• A collection of links on the cases is currently headlining the Cato website.
  • I’ll be speaking Wednesday evening about the cases before the Washington, D.C. chapter of Log Cabin Republicans. I also expect to be doing some national broadcast commentary — details to follow.
  • Last week I spoke at a panel in Cato’s social media series with Jimmy LaSalvia (GOProud) and Trevor Burrus (Cato) on conservatives and same-sex marriage, on topics that included the changing poll numbers and demographics. Aside from going through my analysis of November’s election results, I commented on various aspects of the debate such as the difference between civil and religious marriage (“the same as that between a birth certificate and a christening,” I like to say), the non-connectedness of the gay marriage and abortion issues (on which many others seem to agree with me), and the issue of religious exemptions (“As libertarians, we’re ahead of the curve in considering how anti-discrimination law can trample freedom of conscience.”) No video at the moment.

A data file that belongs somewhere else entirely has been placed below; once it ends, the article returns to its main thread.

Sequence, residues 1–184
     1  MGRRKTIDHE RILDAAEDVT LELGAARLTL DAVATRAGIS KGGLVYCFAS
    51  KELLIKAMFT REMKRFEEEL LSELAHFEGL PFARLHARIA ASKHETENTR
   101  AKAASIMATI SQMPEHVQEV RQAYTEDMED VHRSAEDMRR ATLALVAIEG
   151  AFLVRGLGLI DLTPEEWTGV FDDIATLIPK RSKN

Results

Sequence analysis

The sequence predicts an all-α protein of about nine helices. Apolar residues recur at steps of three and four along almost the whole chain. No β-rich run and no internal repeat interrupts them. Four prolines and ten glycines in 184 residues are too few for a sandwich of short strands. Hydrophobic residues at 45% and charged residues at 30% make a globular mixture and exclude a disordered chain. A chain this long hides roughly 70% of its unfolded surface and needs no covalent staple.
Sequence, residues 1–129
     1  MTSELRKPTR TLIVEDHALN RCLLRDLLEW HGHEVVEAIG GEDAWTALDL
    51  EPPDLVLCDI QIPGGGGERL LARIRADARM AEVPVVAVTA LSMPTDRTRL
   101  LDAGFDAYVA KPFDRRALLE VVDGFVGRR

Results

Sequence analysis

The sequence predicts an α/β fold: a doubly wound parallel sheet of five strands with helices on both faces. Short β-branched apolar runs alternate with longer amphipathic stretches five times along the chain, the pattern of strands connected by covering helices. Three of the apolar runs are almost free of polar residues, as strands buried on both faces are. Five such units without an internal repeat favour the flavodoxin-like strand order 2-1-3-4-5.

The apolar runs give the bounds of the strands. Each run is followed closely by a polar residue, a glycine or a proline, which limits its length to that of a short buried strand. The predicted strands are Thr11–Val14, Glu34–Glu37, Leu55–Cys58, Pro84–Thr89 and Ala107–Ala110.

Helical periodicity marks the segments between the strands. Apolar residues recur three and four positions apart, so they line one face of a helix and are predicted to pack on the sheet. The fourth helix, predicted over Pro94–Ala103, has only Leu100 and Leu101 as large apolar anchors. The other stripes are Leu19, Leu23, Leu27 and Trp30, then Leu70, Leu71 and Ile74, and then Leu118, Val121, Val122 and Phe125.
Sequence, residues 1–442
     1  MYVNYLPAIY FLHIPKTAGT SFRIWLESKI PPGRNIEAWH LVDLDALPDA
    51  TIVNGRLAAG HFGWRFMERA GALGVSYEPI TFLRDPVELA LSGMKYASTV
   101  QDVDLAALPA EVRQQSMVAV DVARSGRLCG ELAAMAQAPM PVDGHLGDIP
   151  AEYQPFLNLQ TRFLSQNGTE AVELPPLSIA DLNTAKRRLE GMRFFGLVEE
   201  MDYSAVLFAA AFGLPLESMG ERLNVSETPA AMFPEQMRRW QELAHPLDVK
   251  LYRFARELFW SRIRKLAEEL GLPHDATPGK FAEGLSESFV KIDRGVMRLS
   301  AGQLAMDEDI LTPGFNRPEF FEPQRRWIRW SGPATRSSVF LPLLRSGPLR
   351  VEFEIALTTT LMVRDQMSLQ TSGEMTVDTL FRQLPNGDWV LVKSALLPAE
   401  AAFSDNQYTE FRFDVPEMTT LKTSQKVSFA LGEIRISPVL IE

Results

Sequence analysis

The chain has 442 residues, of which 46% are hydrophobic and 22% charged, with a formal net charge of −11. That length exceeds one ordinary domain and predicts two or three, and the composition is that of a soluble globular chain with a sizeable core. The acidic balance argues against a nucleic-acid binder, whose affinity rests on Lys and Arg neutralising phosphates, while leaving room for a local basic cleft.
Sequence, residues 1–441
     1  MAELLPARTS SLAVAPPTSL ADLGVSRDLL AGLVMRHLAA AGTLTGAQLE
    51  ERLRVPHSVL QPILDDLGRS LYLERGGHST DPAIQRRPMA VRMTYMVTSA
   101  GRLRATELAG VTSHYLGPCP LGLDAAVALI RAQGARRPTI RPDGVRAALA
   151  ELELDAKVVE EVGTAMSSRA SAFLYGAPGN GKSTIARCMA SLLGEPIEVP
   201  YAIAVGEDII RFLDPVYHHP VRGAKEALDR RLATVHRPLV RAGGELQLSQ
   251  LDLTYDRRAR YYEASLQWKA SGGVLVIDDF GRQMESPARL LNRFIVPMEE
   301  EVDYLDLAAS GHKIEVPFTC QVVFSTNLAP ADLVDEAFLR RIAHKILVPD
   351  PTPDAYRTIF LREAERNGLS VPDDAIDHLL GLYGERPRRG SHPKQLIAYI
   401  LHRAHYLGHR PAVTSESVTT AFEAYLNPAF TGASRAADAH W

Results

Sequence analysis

• By coincidence, that panel happened to be scheduled against a crosstown event making the opposite case at the Heritage Foundation, which suffice it to say is at a very different place from Cato on this topic. On the question of using 11-year-olds to try to tear down other people’s families, by the way, Rob Tisinai at Box Turtle Bulletin has a nice pre-rejoinder to Heritage: “But Gracie, no one is trying to take one of *your* parents away.”
  • I couldn’t help noticing the following from a March 22 Clarus survey of U.S. voters:

    “Do you think each individual state should be allowed to decide whether same-sex couples can legally marry, or not?”

    Should 53%
    Should not 45%

    “Do you think same-sex couples have a constitutional right to marry, or not?”

    Do 53%
    Do not 43%

    If these figures are to be credited, at least 6% of the voting public (and possibly much more) overlappingly believes both that same-sex couples have a constitutional right to marry, and that “each individual state should be allowed to decide” on that same question. I think it may be time for a refresher course in constitutional law.

{ 6 comments }